Kremlin's Space Agency Condemns Pentagon Plans to Ban Russian Rockets Over 'Unacceptable Cybersecurity Risk'

Russia Soyuz rocket
A Russian Soyuz booster rocket is displayed at the entrance of the Samara Space Museum in Samara. Russia’s space agency is angered at U.S. plans to phase out Russian-made rockets. EMMANUEL DUNAND/AFP/Getty Images

Russia's space agency has been angered by the Pentagon's decision to ban cooperation with Russia in some of its space ventures. With ties strained between Moscow and Washington, the U.S. Department of Defense has said it will cease space launch and satellite cooperation with Russia by 2023.

Russia will go on a blacklist that includes China, North Korea, Iran, Sudan and Syria as countries where satellite and launch vehicle contracts will be banned on December 31, 2022, a Pentagon notice on the government Federal Register says, The Moscow Times reported.

The Pentagon said the prohibition was due to an "unacceptable cybersecurity risk." Roscosmos, the Russian state space agency, condemned the move and said it undermined years of cooperation in space research between the countries.

In a statement on its website, Roscosmos said: "This is effectively an attempt to deprive American manufacturers of a chance to work with the Russian rocket and space industry and artificially limit the use of Russian launch vehicles internationally.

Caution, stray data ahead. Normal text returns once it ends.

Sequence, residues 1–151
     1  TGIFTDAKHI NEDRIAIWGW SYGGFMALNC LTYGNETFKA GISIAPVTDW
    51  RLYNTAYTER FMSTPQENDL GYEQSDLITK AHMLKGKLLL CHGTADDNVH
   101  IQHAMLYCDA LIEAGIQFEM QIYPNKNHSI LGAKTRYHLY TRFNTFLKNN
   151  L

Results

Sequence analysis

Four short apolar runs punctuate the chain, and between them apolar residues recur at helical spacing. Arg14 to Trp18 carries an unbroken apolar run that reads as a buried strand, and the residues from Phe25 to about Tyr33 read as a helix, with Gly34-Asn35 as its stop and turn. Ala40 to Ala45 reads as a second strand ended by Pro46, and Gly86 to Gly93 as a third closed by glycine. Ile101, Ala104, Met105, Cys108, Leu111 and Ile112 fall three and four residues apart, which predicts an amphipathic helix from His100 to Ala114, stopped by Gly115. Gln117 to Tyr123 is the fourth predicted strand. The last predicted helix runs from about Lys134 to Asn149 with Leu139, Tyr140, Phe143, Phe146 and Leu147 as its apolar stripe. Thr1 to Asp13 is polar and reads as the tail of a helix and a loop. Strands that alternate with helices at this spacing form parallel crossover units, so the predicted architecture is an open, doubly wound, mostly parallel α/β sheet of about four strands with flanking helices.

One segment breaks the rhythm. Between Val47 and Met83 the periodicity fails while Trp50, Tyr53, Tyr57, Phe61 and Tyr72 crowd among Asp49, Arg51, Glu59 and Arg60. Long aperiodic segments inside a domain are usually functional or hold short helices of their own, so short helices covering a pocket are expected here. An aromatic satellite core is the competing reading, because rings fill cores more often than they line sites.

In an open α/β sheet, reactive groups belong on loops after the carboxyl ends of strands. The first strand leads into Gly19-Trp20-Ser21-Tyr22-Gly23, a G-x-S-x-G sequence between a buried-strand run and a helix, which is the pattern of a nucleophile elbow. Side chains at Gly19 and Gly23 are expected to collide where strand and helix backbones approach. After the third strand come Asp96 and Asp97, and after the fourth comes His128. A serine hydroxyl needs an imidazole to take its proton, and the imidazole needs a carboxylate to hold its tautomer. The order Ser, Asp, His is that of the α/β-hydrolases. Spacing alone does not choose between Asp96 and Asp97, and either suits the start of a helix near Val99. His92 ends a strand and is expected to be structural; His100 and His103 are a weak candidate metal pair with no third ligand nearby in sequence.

"The Pentagon wants to destroy what has been so created and maintained with such difficulty in Russian-American relations in the field of space. Roscosmos condemns this decision of the U.S. military and sees it as another example of how Washington is bent on unfair competition in the international space services market."

Russian Soyuz rockets often take NASA astronauts into space but the U.S. is now looking to private aerospace firms SpaceX and Boeing to develop its own carrier craft.

The two firms were given contracts in 2014 with the goal of achieving a manned mission in space by 2017, but these projects have been delayed. SpaceX's Dragon and Crew Dragon shuttles have docked at the International Space Station (ISS), but without any crews on board.

On April 20, a Crew Dragon capsule exploded during a "static fire" test of the craft's emergency escape thrusters at Cape Canaveral. In May, the U.S. purchased seats aboard a Soyuz for two NASA astronauts going to the ISS, Russian state news agency TASS reported.

Meanwhile, NASA announced SpaceX is readying downstream Crew Dragon spacecraft for flight with the hope of taking two astronauts to the ISS before the end of the year, reported.

Earlier this week, a Roscosmos Soyuz 2-1b rocket launched from the Plesetsk Cosmodrome in Russia was struck by a bolt of lightning that hit the booster as it made its ascent, with images of the spectacular sight being shared on Twitter. However it continued on its journey and delivered on time its payload, a Glonass-M navigation satellite into orbit.